Chronic Heart Failure Guidelines: A Critique

Ramon F. Abarquez, Jr., Paul Ferdinand M. Reganit, Carmen N. Chungunco, 
Jean D. Alcover, Felix Eduardo R. Punzalan and Eugenio B. Reyes

Section of Cardiology, Department of Medicine, College of Medicine and
Philippine General Hospital, University of the Philippines Manila

Background. Chronic heart failure (HF) disease as an emerging epidemic has a high economic burden, hospitalization, readmission, morbidity rates despite many clinical practice guidelines recommendations.

Objective. To show that the attributed survival and hospitalization-free events in the reviewed chronic HF clinical practice guidelines' Class I-A recommendations as "initial HF drug therapy" is basically "add-on HF drug therapy" to the "baseline HF drug therapy" thereby under-estimating the "baseline HF drug therapy" significant contribution to the clinical outcome.

Methodology. The references cited in the chronic HF clinical practice guidelines of the American Heart Association/American College of Cardiology (AHA/ACC), the Heart Failure Society of America (HFSA), and the European Society of Cardiology (ESC) were reviewed and compared with the respective guidelines' and other countries' recommendations.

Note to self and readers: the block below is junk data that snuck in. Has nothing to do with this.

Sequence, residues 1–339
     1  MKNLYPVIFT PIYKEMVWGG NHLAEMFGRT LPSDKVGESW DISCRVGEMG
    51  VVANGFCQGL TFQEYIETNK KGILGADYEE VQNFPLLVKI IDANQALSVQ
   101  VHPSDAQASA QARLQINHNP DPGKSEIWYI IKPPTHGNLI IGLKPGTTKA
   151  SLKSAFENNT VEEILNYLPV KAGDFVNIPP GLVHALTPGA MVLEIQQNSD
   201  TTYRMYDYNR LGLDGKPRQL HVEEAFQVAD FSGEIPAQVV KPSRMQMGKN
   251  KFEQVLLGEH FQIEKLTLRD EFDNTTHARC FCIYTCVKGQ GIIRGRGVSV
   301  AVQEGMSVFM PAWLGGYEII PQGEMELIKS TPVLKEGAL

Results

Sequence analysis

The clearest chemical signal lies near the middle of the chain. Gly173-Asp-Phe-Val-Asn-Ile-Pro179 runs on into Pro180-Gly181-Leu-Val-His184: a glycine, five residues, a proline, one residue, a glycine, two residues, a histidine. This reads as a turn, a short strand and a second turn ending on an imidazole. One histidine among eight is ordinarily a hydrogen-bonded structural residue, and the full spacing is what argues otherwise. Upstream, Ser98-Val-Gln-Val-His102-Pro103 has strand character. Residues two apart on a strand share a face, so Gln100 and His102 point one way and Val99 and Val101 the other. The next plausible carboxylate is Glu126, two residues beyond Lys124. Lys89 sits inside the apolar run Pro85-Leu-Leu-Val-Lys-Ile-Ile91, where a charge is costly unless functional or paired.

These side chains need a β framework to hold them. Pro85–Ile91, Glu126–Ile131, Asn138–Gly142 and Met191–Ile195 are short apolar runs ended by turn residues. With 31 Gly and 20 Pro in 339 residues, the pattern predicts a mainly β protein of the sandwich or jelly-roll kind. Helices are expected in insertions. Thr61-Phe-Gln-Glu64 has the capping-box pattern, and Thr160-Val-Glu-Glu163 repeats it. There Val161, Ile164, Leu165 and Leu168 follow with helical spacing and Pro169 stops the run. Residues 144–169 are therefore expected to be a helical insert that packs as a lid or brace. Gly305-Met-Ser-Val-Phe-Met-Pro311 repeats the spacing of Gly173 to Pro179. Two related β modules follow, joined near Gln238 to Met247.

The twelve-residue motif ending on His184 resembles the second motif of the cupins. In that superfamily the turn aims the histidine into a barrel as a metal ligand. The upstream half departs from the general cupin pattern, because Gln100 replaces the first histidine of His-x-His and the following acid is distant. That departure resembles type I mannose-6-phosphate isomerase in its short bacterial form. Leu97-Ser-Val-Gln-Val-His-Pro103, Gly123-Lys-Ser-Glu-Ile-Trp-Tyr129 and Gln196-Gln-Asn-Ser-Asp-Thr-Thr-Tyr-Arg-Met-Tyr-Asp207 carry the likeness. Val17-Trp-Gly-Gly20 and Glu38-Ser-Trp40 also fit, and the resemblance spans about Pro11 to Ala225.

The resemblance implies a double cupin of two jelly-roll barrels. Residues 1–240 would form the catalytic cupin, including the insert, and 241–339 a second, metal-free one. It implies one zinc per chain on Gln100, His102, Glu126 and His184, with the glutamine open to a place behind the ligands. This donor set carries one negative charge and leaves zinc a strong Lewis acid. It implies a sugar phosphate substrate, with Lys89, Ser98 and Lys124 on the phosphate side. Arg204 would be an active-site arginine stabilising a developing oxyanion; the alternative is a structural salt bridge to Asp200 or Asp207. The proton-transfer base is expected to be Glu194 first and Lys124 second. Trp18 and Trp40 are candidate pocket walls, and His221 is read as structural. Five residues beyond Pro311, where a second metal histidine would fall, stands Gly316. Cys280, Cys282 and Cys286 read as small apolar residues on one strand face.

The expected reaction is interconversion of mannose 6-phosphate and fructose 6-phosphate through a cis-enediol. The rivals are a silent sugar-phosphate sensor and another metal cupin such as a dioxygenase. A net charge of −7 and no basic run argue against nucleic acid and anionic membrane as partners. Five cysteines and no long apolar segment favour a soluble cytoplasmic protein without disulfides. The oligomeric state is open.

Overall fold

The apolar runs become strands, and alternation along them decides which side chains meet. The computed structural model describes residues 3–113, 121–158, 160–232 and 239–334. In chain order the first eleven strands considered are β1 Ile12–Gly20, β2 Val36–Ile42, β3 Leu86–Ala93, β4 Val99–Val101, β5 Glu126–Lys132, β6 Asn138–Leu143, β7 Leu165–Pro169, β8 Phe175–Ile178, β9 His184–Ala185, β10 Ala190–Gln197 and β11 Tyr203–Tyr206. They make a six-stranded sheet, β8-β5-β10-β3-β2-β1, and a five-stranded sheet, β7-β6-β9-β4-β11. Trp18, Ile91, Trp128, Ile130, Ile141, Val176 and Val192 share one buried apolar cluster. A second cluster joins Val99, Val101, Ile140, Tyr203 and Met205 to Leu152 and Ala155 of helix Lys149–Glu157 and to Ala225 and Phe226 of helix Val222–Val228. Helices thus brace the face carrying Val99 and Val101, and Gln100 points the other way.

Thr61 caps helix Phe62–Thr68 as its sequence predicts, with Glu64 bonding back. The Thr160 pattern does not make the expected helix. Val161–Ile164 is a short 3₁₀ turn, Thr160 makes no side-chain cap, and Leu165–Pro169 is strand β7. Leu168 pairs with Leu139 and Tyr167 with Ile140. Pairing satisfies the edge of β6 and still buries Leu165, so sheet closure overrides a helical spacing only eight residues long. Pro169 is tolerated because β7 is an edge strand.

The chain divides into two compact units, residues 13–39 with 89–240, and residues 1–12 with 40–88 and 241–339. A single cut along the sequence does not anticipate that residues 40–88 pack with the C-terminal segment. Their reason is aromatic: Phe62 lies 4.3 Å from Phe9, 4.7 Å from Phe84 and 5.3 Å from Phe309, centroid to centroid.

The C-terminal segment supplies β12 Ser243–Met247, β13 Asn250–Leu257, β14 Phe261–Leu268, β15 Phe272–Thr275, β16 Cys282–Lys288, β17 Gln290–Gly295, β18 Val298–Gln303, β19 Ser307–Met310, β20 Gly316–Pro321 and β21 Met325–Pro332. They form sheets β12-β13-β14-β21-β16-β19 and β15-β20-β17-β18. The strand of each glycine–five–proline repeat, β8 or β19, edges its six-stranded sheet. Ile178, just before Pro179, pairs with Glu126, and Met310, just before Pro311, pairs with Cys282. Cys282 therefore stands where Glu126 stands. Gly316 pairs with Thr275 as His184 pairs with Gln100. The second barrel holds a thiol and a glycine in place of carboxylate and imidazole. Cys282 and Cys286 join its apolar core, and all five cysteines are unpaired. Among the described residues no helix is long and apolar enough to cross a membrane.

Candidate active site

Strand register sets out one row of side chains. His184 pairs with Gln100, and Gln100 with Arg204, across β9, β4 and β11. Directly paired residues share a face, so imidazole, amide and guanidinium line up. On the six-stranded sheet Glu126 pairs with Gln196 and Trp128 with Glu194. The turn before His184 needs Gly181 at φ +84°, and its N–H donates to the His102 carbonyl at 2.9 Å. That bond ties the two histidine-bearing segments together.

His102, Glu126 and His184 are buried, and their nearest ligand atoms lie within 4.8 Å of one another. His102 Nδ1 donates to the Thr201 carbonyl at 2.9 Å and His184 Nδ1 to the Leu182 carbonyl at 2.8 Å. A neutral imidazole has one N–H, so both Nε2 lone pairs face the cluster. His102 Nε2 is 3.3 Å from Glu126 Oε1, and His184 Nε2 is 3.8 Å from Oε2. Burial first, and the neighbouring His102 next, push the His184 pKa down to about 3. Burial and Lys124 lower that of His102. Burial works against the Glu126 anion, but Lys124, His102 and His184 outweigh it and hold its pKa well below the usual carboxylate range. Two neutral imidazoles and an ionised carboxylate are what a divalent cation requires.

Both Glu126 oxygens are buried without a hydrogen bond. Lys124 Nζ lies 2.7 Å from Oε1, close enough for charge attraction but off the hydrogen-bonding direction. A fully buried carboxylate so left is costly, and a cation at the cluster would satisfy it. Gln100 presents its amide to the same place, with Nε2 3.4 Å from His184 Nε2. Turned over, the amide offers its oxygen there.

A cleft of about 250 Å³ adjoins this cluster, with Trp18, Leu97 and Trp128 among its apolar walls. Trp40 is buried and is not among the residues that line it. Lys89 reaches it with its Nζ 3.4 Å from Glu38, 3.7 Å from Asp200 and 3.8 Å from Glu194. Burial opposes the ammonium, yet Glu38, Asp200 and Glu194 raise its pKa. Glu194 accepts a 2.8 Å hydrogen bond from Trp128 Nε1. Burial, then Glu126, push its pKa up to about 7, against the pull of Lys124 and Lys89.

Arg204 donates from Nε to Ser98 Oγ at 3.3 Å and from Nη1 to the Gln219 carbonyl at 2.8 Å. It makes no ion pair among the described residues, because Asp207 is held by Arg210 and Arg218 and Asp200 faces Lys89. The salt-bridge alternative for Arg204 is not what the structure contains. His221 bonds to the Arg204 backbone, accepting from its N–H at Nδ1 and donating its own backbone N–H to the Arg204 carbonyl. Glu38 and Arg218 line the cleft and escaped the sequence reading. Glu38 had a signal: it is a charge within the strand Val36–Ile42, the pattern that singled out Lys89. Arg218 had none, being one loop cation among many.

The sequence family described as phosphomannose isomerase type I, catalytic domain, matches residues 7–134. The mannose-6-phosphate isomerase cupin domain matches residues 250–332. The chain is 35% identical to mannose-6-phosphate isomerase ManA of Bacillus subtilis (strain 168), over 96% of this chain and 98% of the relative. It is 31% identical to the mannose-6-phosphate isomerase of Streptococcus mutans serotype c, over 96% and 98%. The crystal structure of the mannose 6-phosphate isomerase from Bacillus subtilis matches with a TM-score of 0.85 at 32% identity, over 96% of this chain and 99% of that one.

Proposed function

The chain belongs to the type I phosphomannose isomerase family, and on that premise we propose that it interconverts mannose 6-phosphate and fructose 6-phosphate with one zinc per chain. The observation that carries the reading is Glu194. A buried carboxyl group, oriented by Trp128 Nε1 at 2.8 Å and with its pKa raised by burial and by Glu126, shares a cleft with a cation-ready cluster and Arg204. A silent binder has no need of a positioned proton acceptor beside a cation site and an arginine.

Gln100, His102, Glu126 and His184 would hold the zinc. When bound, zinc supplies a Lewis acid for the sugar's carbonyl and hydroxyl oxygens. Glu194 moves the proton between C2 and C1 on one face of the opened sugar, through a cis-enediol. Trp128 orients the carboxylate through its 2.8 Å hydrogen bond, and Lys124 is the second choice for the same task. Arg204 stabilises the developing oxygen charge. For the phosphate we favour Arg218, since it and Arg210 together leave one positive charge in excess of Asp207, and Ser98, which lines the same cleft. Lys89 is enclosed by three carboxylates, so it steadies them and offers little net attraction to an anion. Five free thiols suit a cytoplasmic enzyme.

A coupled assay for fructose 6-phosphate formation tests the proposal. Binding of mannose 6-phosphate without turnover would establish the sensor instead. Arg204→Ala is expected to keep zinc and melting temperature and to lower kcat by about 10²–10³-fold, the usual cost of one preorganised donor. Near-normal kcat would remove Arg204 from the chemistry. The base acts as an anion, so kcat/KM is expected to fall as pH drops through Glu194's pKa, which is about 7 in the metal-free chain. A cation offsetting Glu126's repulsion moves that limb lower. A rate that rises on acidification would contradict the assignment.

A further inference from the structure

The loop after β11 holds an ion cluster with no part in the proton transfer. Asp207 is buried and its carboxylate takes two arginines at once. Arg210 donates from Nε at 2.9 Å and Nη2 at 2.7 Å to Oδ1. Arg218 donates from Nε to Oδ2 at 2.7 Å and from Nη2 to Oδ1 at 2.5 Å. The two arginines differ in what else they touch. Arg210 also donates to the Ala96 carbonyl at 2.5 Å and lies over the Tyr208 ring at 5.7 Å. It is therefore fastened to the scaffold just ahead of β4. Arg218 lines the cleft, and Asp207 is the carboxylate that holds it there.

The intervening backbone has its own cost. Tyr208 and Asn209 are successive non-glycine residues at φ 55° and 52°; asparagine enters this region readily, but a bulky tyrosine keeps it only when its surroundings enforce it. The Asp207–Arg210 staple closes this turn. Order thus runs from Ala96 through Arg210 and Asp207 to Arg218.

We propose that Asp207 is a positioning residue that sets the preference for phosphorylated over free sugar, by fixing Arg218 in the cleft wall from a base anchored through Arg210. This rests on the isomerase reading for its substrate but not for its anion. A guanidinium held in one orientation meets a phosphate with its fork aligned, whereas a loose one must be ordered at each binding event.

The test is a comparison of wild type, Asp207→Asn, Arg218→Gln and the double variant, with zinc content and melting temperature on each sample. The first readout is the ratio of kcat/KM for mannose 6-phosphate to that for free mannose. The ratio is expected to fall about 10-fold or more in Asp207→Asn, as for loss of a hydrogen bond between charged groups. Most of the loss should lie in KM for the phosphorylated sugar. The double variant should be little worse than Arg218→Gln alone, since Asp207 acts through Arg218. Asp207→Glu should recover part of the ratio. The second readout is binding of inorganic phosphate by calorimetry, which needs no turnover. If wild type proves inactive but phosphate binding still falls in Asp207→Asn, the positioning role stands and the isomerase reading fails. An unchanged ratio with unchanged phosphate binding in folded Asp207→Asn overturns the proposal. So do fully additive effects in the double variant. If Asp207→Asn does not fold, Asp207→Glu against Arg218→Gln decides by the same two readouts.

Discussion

Results. The "baseline HF drug therapy" using glycosides and diuretics is 79-100% in the cited HF trials. The survival and hospitalization event-free rates attributed to the "baseline HF drug therapy" are 46-89% and61.8-90%, respectively. Thus the survival and hospitalization-free event rate of the "add-on HF drug therapy" are 0.4-15% and 4.6% to 14.7%, respectively. The extrapolated "baseline HF drug therapy" survival is 8-51% based on a 38% natural HF survival rate for the time period.

Conclusion. The contribution of "baseline HF drug therapy" is relevant in terms of survival and hospitalization event-free rates compared to the HF Class 1-A guidelines proposed "initial HF drug therapy" which is in essence an "add-on HF drug therapy" in this analysis.

Keywords: heart failure, guidelines, critique